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Section (TFOS). She indicated she is ~n~we:':~nat happens to them, although she went over to FTATG recently on another mattei'~ncf::~~w that her reports were just piled on the table. She said that they told her that t~ey\~<~reJ~'s~ getting to them now. She indicated that one of the ones they reviewed, a prPact~~~Jep~:i't? was moving to the PCC for decision. With regard to the reports submitte~:~t.o she doesn't know what happens to them. She can not raise them on the phon~,~~d the:x"n,avegiven no feedback on the reports. She has raised this issue with Dennis. I¥:tmel att~"frank Waikart, with no improvement. Knez characterized it as the "jwf~" norM\r~~y they do business." (U)

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In addition to the proactive targeting reports th~t ~4~::produ~ using classified information, she also will come across anomalies i~,'\~e course"'of'her research that have no intelli ence connection. For exam Ie, h ", '"

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Knez was shown and asked about her invdlvement in\. he '13a,~~kaatnvestigation, i identifie '''ClOUS A'" ,

" As a result, she.put Lot-o-g-et""e-r -a-s-et-o-c""lih-a-rt-s-d'!"e-ta~i~li~n-g~I'!"in"'l'k-a-g-es-w~it':"'h-o-t:-he-r~i!""'n""ld'!'"iv""lii~du-a~fr-l's and accounts, whi,c~ the

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JSh~\presented this" ' .. information to the FBI representative and FinCEN also notified FBI Mhmeapolis, FBI \ .. San Diego and Customs Minn,eapoljs. who had open cases, Additionally, ;jnCEN ' prepared

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Knez then described a series of presentations of the information, including an August 2000 presentation to Dale Watson of the FBI and Dick Clarke of the NSC and a May 1, 2000, briefing of Rick Newcomb ofOFAC, who had recently returned from the UAE, and a October, 2000 briefing of Mike Romey and Rick Newcomb and Mark Roberts of OFAC. Knez refreshed her recollection of the individuals briefed by reviewing a time line she had made, Of note was the fact that Knez briefed President Bush, Secretary O'Neill and Attorney General Ashcroft in November of2001, when the three came to FinCEN for a press conference announcing the freeze. (U)

I Notwithstanding [hat the 911I Commission's June document request [0 Treasury required production of this document, it had not been produced to the Commission by the date of the interview. There was additional material within the file that Knez brought with her to the interview, such as a time line of actions she took with regard to the Barakaat investigation, which was also responsive to our request. The author made an oral request to the Treasury representative, Thomas McGivern, for the contents of Knez's file, which he agreed to,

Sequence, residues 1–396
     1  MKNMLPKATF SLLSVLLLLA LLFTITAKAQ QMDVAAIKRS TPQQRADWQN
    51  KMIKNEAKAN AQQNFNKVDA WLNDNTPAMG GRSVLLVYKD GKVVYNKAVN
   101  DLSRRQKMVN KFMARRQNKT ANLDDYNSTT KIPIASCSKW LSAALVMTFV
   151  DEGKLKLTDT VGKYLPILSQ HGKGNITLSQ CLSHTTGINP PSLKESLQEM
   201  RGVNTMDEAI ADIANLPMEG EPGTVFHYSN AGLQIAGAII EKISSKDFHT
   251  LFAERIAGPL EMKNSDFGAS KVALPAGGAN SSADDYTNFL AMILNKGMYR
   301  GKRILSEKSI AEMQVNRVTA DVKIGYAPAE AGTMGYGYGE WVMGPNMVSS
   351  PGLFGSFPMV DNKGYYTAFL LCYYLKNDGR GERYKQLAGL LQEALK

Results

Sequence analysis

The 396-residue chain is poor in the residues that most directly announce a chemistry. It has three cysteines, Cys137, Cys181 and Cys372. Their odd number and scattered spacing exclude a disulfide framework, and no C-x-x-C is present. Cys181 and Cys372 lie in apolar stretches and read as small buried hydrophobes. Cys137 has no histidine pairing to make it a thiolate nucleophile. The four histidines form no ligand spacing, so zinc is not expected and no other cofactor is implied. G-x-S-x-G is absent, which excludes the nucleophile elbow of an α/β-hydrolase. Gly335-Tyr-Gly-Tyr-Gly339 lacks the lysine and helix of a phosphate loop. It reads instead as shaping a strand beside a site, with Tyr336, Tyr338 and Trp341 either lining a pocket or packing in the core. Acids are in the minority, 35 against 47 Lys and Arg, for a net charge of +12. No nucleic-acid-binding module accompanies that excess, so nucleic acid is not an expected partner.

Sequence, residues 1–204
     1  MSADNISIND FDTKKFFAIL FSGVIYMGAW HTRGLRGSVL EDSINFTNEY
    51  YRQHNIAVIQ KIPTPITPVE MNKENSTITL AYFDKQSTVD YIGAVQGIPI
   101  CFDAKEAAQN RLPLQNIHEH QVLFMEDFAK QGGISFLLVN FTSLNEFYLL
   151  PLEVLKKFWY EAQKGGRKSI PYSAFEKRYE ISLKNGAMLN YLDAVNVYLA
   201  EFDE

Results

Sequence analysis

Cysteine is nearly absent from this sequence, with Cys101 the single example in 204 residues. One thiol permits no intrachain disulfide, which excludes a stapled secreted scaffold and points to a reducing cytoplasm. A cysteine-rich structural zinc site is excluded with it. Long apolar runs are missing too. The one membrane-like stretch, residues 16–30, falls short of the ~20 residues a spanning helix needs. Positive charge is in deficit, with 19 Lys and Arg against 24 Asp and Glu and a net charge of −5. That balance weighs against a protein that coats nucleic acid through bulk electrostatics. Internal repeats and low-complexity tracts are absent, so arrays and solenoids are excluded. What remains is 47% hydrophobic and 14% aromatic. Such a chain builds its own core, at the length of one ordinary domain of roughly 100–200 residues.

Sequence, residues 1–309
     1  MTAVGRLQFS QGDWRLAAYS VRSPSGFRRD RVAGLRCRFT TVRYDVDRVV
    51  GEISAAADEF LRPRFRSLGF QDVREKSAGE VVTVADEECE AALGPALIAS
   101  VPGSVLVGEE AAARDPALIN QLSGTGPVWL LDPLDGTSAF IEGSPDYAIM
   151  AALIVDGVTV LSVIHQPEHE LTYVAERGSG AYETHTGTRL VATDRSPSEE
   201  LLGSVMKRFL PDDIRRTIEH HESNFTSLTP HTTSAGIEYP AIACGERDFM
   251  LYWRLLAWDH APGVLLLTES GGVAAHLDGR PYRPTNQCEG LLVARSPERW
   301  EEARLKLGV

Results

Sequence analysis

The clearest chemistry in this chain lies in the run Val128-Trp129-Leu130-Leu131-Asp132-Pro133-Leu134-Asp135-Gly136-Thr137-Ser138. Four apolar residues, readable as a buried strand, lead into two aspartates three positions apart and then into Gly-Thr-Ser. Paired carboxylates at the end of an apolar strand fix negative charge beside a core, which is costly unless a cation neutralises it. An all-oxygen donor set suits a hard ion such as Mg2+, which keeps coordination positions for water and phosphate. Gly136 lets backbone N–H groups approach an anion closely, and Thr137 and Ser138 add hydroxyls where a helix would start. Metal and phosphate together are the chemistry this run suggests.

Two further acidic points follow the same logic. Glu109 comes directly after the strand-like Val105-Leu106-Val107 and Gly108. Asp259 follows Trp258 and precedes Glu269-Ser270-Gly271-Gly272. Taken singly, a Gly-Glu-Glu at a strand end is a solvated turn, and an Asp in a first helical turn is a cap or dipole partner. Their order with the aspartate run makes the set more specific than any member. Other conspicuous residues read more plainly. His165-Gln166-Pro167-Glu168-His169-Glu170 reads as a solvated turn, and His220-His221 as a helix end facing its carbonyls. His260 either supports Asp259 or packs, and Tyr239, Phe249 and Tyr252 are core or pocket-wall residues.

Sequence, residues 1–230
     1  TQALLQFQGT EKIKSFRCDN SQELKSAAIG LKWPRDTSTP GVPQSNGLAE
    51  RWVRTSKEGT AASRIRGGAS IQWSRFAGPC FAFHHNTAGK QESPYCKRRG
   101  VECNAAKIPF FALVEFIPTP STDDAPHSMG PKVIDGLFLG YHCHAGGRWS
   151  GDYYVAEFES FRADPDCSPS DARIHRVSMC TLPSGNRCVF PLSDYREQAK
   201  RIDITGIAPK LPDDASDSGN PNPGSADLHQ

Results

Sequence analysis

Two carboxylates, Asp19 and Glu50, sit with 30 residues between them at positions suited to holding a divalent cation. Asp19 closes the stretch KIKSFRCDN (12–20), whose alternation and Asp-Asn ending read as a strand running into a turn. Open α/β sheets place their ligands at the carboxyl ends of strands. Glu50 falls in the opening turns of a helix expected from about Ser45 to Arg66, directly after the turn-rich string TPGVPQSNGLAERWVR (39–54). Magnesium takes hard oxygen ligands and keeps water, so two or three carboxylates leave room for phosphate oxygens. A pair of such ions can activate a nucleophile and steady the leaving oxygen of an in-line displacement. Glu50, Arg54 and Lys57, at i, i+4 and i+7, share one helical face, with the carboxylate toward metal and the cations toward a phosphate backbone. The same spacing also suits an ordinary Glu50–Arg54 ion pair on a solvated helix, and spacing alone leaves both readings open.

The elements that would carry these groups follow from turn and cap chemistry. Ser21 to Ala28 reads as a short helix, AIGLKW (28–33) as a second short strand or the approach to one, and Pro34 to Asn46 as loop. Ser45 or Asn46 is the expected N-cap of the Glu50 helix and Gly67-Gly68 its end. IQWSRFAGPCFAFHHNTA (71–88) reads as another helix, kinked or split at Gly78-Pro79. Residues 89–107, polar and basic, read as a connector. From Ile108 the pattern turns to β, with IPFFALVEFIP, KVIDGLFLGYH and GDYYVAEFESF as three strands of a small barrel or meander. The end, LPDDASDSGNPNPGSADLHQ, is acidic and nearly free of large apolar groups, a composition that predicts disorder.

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Knez was shown ·~··ii~CEN.ir:telligence report produced t~~~~·c~~.:nrssionD . Iregarding Benevolence.Intejngtjona] Foundation BIF . This re ort was produced as a result of Knez reviewlnl:l' ..... regarding BIF's potential links to terrorist activity. The SAR on BIF was passed to OIV on October 19, 2000, whi ch then led to a report being issued on February 1, 2001. Thi s reportwas sent to IRS, FBI and Customs representatives at FinCEN. For the FBI, that would have been SSA Harold Wilson. The report indicates that no record could be found in the FBh;riminal database of Benevolence, although by this time the FBI had an open '\ FFI in Chicago on the matter. Knez does not know how this could have occurred, in that ..... FBI detailee would have access to all FBI investigative information, whether it was the Criminal or intelligence. (S) [See MFR re interview of current FBI FinCEN representative SSAL. Williams (stating that, until 6 months ago, if the FBI was not wiiling to release to'linCEN the existence of a particular matter, it informed FinCEN that thecheck of FBI indices was negative, creating the impression the FBI had no record of the matter; 6 months ago, the FBI began stating in such circumstances that it has no releasable information). .

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.. Knez stated that prior to 9/11, there were 2 to 3 individuals working in the section. Now, .. there are approximately 11 people, Including a director, an assistant director, two team .. leaders (one ',of whom is awaiting clearance). The balance are contained within three ._sections based on eo ra hical division: The increase in personnel was a gradual change. She noted that she ...~e-o..,.,..lc-e-w-a~"""e-.e-n out in FYOl, but that funding was restored with a post 9/11 t ... eroed z supplemental bu~get increase, and it had no effect on operations. (U) Knez indicated that she does not have enough staff to complete her mission. She could not estimate what sort of an increase she would need in order to review and research all of the intelligence coming in. (U) Knez at one time had ~'-.number of detailees from other agencies after 9/11 .. Many of them have left. For example, the FBI, though TFOS, detailed an analyst from Buffalo to help. The FBI has said the will re lace that e ut

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At the conclusion of the interview, Knez provided the interviewers with an unclassified document entitled "Editorial/Commentary," which she stated reflects her views as a private citizen and not as a FinCEN employee. It is appended to this interview memorandum. (U)